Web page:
The embarrassment of that Peach Bowl beating is enough by itself to assure Tennessee will be focused for this contest. The Vols have swallowed a lot of nails since that winter's night and their pride is hurt. Furthermore, this game will not be played under a roof in Atlanta but in under the lights in Knoxville. It won't be played against Clemson but UNLV and the Rebels are hardly Tigers.
After a 5-7 record in what was largely regarded as a rebuilding season, Nevada Las Vegas comes to UT with high hopes but limited resources. Sure UNLV pulled an upset at Wisconsin last year but the week before it lost at Kansas 46-24. Two weeks after the Rebels stunned the Badgers they began a four game losing streak to Nevada, Air Force, Utah and BYU — hardly murder's row even by Mountain West standards. Two weeks after that streak was halted in a 37-35 victory over New Mexico, UNLV was shut out by San Diego State 7-0.
True the Rebels are led by the highly-respected John Robinson, but proponent of power football has only had one winning season in five years in Las Vegas and he doesn't have the wealth of talent he enjoyed at USC or with the Los Angeles Rams.
Former Arizona State head coach (1992-2000) Bruce Snyder moves up to offensive coordinator this year after calling plays in the last games of the 2003 campaign. The Rebels scored 23 and 35 points in those contests which were both victories (Colorado State and Wyoming). So John Chavis' stop troops will likely see a lot of different looks and they don't know what type of offense to prepare for as Snyder has had a fall and spring practice to install his system. Yet UT should have some idea of the style of play Snyder perfers since he spent 14 years as a head coach — he was at Cal from 1987 to 1991.
Tennessee will also have a good gauge of what UNLV quarterback Kurt Nantkes brings to the table. Nantkes started most of last season, finishing with a less than impressive 1,883 yards on 47 percent passing with 12 TDs and 10 INTs.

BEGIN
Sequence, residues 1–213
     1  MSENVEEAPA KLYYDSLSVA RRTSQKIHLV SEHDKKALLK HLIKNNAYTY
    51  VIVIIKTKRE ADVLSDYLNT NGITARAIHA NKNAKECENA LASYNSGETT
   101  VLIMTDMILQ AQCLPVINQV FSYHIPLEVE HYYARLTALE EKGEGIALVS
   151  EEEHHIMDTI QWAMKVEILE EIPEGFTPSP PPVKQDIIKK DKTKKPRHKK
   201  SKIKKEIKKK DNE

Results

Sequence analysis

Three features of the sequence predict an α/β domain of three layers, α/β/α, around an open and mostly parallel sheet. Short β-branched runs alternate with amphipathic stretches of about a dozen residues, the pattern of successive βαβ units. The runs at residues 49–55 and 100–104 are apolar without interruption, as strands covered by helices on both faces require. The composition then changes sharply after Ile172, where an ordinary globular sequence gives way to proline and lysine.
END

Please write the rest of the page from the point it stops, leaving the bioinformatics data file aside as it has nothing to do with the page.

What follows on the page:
UT's disadvantage of not knowing UNLV's offense will be offset by the Rebels' lack of game experience running the offense. Regardless of their preparation time to install the offense, they can't simulate the speed of Tennessee's defense.
Nor can they simulate the late summer humidity of east Tennessee in the arrid enviroment of their desert campus. The Rebels' depth will be tested by Tennessee in the mildest of climates and will be exploited in the rain forrest conditions that is a packed Neyland Stadium in early September. The intensity of the crowd and the noise it generates is another negative UNLV will have to deal with.
Finally, the issue of playing two true freshman signal callers is a legitimate concern. There's simply no way to prepare the rookies for that experience and no way of knowing how they'll react. We do know they haven't resembled freshmen to this point in practices, although freshmen moments are unavoidable in either venue. They'll make some freshmen mistakes but each has the talent to erase those mistakes by making big plays.
Likewise, UNLV won't know what to expect since any film from the last four years would feature an offense run by Casey Clausen. Plus, the Rebels have to prepare for not one but two QBs with divergent strengths. Sometimes seniors make even more mistakes due to overconfidence. For instance: Peyton Manning had more interceptions as a senior than he did as a freshman and sophomore combined.
UNLV has had a lot of time and film to diagnose UT's offense and will have a good read of the Vols' tendencies. The same thing could have been said about the Dallas Cowboys under Tom Landry. The man in the hat used the same system for 26 years. The key to making it work wasn't the element of surprise. It was superior personnel and sound execution.
The same formula will work for the Vols.
Prediction: Tennessee 31, UNLV 10.